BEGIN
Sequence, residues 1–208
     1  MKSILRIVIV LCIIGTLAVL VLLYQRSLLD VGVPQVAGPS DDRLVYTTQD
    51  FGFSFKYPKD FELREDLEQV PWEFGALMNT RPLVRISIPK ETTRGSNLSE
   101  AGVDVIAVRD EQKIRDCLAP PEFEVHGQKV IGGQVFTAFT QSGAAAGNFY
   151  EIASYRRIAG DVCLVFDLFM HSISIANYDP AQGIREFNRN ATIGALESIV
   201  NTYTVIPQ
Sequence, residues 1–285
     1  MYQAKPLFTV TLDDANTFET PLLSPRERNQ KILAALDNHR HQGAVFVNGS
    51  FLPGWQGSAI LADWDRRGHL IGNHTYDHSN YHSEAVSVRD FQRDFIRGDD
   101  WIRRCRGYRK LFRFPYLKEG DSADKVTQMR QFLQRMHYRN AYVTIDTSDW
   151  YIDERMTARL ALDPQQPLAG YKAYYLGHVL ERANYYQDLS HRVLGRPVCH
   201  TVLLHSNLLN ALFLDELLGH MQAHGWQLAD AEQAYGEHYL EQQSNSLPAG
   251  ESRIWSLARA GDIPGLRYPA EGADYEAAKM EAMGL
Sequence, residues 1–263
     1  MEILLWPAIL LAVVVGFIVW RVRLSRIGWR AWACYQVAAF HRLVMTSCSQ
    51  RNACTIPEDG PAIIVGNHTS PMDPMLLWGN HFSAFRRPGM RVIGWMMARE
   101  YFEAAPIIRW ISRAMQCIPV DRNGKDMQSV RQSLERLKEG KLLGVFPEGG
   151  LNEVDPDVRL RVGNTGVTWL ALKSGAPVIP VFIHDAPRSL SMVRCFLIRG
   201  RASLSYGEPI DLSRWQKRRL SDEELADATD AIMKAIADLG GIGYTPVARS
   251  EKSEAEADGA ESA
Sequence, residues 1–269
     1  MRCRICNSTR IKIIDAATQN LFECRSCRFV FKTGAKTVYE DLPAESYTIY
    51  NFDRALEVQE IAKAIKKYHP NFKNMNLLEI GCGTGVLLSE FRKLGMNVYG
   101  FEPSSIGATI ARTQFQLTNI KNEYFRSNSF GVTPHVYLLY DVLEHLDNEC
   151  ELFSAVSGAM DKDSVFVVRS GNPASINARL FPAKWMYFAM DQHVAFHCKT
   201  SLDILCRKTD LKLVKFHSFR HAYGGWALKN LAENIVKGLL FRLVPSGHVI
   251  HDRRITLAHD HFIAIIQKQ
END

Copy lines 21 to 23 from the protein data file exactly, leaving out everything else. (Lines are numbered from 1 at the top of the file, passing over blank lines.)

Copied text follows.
Sequence, residues 1–269
     1  MRCRICNSTR IKIIDAATQN LFECRSCRFV FKTGAKTVYE DLPAESYTIY
    51  NFDRALEVQE IAKAIKKYHP NFKNMNLLEI GCGTGVLLSE FRKLGMNVYG